Photogrammetry step 5 – using stacked pictures

Photogrammetry makes it possible to store, view and share information about a subject in 3D. But the technique has some limitations. One is that you need sharp photos of the subject you want to make a 3D model of. In macro photography the shallow depth of field can therefore be a problem. One time consuming but rewarding method to handle a shallow depth of field is combining focus stacking and photogrammetry. Here I am going through the steps to do this. The goal is a 3D model of a trilobite (Flexicalymene retrorsa), Ordovicium 440-490 m. years Arnheim formation Mt. Orab, Ohio, USA. The trilobite is approximately 37mm long.


The subject for this tutorial is a Trilobite. A fossil of this kind has some features that makes it a good starting point for macro photogrammetry. It is not reflective, not transparent and, not moving. The surface is almost without sharp edges and there are almost no hidden areas. In a studio environment it is also possible to go back and ad a new camera position if necessary.

For this tutorial I used a Canon 6D camera with a Canon MP-E 65 objective set at 2X. I used the same focus, ISO, f-value and, exposure time for all photos. The camera was fixed on a Cognisys Stack shot macro rail. Instead of moving the camera I turned the subject from camera position to camera position. To avoid shadows, I used diffused light.


To make a 3D model using stacking means a lot of photos, therefore it is a good idea to find a time sawing workflow. For this tutorial I used 46 camera positions and more than 3 000 photos. It is a good idea to plan the camera positions and to work step by step – take a few series of photos, stack them and, check that they align well in the 3D program. 

The amount of work that goes into stacking all photos to acquire the different camera positions means that the choice of stacking software becomes a question of what program fits your workflow best.

I tested stacked pictures from Zerene Stacker and from Helicon Focus. I could not see any obvious differences in result when I made the model in Agisoft Metashape. The stacked pictures that did not work was the same regardless of my choice of stacking software.

Zerene Stacker have a built-in function to control a StackShot rail. You can control more types of rails with Helicon Focus, but the rail control is not (in February 2020) as developed as Zerene Stackers. Therefore, I prefer to use Zerene Stacker to control the rail. In Zerene Stackers Common control tab I first set step size and then control the rail to find the start and end points. I do this with the Back and Fwd buttons or with the two wheels. The starting and end points is set using Canon EOS Utility live view on my computer screen. The first and the last step is usually out of focus. The number of steps is the result of the chosen step size and the start and end points. Below are the settings I used for the first camera position. With 2X enlargement and f/5.6 the step size is set to 0.16mm.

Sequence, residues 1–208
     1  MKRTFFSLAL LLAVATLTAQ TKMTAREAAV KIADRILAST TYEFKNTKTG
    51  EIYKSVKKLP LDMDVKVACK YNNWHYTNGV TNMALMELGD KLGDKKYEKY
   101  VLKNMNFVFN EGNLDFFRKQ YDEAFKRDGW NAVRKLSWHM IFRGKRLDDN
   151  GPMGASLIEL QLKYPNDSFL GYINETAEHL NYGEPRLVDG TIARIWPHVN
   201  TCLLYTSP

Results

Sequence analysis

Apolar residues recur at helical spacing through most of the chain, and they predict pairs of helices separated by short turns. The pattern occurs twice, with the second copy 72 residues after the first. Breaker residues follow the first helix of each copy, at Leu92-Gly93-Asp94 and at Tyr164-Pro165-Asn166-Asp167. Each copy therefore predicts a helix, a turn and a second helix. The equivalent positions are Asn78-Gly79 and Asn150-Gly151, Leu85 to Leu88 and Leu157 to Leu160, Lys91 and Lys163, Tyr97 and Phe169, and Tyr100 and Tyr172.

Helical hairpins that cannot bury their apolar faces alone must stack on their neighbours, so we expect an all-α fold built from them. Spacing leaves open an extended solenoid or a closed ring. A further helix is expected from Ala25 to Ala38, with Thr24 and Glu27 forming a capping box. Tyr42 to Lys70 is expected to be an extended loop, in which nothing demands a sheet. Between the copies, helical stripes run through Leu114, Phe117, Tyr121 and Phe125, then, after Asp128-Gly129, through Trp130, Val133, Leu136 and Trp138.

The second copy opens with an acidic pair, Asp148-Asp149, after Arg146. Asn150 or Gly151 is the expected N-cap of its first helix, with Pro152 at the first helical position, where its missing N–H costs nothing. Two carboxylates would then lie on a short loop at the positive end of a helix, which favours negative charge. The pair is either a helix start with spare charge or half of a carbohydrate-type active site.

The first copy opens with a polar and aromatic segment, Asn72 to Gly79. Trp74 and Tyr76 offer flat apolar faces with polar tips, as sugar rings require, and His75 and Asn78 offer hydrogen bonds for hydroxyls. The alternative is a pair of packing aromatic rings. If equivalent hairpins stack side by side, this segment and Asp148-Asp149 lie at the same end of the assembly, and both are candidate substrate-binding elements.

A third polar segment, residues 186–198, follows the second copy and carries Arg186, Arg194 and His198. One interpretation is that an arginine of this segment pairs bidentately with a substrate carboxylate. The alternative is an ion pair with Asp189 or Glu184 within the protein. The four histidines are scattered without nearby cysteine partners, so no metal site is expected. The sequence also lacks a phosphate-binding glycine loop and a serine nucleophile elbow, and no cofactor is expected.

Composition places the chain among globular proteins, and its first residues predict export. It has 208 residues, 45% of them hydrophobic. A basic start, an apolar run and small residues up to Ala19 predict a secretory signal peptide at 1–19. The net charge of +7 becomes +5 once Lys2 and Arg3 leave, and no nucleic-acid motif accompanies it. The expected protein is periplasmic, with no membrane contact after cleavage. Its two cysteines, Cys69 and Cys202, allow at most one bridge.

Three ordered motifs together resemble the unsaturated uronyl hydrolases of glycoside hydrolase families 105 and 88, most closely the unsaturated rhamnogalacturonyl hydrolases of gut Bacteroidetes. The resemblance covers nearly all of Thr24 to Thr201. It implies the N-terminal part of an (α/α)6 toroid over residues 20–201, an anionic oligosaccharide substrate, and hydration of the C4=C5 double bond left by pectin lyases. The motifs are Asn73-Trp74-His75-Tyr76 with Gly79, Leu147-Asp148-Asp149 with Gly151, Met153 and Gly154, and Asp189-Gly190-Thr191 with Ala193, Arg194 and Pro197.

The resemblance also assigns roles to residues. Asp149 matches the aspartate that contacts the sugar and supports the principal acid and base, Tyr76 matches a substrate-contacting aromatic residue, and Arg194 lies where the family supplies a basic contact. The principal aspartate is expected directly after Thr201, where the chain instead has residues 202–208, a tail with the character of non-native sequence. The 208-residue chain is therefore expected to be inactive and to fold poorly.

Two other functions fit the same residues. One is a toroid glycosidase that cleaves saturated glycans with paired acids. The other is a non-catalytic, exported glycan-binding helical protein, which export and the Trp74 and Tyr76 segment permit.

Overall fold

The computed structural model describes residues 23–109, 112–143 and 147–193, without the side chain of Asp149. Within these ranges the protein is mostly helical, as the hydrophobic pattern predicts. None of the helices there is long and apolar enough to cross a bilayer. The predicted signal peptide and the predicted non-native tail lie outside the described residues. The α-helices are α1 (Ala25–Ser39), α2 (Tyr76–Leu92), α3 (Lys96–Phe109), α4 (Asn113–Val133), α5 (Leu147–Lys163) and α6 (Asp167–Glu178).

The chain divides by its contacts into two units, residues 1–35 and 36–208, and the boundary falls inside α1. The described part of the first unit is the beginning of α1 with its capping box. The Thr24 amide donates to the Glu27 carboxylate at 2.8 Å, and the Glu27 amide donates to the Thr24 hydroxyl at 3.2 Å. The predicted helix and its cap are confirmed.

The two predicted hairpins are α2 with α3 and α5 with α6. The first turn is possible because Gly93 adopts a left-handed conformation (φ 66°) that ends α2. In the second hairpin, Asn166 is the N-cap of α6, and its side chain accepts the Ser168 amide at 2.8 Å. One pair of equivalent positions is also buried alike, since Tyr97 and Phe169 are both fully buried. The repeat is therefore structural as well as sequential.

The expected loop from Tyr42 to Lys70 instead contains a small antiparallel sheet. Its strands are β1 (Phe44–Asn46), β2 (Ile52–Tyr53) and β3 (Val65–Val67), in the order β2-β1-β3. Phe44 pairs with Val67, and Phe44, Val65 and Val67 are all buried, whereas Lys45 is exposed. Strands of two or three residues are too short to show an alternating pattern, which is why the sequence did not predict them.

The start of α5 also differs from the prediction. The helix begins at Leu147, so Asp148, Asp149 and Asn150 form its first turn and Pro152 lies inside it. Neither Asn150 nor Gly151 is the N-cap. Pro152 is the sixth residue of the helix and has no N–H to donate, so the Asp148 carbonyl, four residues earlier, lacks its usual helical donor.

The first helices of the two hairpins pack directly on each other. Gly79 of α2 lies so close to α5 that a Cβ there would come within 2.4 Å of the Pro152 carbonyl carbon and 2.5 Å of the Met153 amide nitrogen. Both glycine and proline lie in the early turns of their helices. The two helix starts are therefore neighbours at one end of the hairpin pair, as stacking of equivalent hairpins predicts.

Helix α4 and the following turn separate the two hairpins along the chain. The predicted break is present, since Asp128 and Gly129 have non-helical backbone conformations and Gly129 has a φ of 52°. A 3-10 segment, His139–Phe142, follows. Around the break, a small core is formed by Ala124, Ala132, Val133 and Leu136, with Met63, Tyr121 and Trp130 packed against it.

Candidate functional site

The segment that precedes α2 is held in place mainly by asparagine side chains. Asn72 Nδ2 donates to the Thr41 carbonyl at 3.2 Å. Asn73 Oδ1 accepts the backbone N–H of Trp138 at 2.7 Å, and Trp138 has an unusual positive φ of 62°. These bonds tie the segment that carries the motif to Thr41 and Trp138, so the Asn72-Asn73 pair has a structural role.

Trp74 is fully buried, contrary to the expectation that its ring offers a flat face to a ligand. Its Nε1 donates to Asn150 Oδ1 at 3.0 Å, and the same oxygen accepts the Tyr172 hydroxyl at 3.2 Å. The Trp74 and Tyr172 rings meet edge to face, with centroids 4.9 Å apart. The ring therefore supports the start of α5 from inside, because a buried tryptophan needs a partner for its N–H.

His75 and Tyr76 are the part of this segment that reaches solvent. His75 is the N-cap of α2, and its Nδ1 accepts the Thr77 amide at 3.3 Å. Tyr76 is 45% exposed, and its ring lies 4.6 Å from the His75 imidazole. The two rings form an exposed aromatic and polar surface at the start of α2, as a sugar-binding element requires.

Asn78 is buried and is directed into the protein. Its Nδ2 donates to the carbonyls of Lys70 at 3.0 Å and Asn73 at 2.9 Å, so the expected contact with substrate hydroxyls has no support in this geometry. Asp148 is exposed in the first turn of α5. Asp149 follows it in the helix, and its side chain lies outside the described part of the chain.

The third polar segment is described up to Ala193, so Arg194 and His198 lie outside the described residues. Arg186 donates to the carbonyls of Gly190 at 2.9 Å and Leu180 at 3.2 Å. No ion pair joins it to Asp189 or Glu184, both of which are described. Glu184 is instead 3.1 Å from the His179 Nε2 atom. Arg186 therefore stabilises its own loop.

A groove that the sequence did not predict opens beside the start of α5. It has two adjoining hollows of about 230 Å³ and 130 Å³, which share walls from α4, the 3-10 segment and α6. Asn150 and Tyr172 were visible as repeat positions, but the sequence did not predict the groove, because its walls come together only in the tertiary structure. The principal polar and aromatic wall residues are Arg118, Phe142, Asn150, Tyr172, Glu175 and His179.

The StackShot controller also have a configuration tab. Above is the settings I usually use. Sometimes my rail starts to move slowly – to fix this I must go in and rewrite the “Maximum rail speed (mm/sec)”. The field “Time after last shutter pulse per focus step (seconds)” must be changed for longer exposure times.

Before I press the Shoot Stack button I sett the Stack option to “Stack New Images (PMax)” this makes it possible to view the stacking (jpg files only) in progress and usually the final picture is good enough for my purpose. So, when the photographing is finished stacking is also done.

Here are the resulting photos for the first camera position.

Photos from the first camera position, Photos Jörgen Hellberg

If you already have the photos and want to make the stacking afterwards it is faster to use Helicon Focus. Below is a video shoving the stacking of the RAW files for the first camera position with Helicon Focus. I also show the 3D model Helicon Focus can do using the depth map.

Save the stacked pictures separately but in the same library makes it easier to do batch post processing and makes it easy to add the photos in Agisoft Metashape. For this tutorial I did some sharpening and de noising with Topaz DeNoise AI. Here is the final picture for the first camera position.

First camera position Trilobite, photo Jörgen Hellberg

Building the 3D model in Agisoft Metashape

Here are the final pictures loaded into Agisoft Metashape.

Pictures loaded inte Agisoft Metashape

Following the workflow in Agisoft Metashape the first step is “Align Photos…” – this creates a point cloud.

After that I went directly to “Build Mesh” from depth maps. When the Mesh was ready, I finalized the process with “Build Texture…”

The entire process with my computer took approximately 11 minutes. Here is a 1-minute silent video shoving the steps in Agisoft Metashape.

The final model is quite large so before saving uploading the model to Sketchfab I smoothed and decimated the mesh. After that I had to redo the “Build Texture…” step. Here is the final model uploaded to Sketchfab.

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